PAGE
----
ERIC Number: ED498371
Record Type: Non-Journal
Publication Date: 2003-Aug
Moving the Markers: New Perspectives on Adult Literacy Rates in Canada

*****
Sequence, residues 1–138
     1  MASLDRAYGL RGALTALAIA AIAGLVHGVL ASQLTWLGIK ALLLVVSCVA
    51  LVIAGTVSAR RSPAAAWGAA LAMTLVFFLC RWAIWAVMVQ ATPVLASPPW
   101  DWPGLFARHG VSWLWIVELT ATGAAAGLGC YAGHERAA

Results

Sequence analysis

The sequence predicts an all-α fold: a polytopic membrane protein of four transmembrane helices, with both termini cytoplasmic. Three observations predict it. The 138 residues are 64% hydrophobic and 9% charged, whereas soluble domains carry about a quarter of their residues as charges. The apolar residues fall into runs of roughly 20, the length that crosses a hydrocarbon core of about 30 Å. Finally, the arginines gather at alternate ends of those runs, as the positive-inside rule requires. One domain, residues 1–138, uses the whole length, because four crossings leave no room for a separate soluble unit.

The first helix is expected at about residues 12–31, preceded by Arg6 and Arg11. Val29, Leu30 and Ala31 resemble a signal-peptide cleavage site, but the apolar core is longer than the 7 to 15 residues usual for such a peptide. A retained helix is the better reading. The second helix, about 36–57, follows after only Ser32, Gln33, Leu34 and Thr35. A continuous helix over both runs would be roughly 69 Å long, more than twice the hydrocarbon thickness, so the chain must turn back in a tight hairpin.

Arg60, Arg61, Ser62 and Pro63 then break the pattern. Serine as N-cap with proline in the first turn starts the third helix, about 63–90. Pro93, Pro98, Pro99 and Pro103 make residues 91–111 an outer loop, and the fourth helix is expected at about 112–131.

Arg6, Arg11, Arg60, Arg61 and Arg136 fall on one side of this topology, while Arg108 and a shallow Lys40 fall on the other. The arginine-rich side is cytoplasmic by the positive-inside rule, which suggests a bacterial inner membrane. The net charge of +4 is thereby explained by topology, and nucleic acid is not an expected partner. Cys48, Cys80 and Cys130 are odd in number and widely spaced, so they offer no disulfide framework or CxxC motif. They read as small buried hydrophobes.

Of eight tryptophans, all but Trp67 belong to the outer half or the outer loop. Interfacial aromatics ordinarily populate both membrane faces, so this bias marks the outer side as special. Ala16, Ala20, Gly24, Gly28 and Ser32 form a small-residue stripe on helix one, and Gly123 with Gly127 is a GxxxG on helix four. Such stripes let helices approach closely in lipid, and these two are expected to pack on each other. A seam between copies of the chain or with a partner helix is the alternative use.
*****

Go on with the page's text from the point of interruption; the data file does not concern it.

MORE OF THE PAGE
Sussman, Susan B.
Movement for Canadian Literacy